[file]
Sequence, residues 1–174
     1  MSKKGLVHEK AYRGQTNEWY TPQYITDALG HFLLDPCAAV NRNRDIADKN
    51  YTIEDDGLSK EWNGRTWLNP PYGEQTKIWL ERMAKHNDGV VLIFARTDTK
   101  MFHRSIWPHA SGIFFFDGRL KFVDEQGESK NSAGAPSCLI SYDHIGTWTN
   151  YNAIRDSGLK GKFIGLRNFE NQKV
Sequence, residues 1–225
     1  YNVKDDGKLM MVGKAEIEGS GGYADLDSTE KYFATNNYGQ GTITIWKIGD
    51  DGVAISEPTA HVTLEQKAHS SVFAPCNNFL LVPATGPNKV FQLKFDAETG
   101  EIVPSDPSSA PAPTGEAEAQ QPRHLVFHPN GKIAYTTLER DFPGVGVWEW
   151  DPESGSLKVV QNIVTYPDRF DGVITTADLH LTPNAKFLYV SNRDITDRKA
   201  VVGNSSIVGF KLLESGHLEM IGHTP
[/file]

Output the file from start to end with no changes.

Sequence, residues 1–174
     1  MSKKGLVHEK AYRGQTNEWY TPQYITDALG HFLLDPCAAV NRNRDIADKN
    51  YTIEDDGLSK EWNGRTWLNP PYGEQTKIWL ERMAKHNDGV VLIFARTDTK
   101  MFHRSIWPHA SGIFFFDGRL KFVDEQGESK NSAGAPSCLI SYDHIGTWTN
   151  YNAIRDSGLK GKFIGLRNFE NQKV
Sequence, residues 1–225
     1  YNVKDDGKLM MVGKAEIEGS GGYADLDSTE KYFATNNYGQ GTITIWKIGD
    51  DGVAISEPTA HVTLEQKAHS SVFAPCNNFL LVPATGPNKV FQLKFDAETG
   101  EIVPSDPSSA PAPTGEAEAQ QPRHLVFHPN GKIAYTTLER DFPGVGVWEW
   151  DPESGSLKVV QNIVTYPDRF DGVITTADLH LTPNAKFLYV SNRDITDRKA
   201  VVGNSSIVGF KLLESGHLEM IGHTP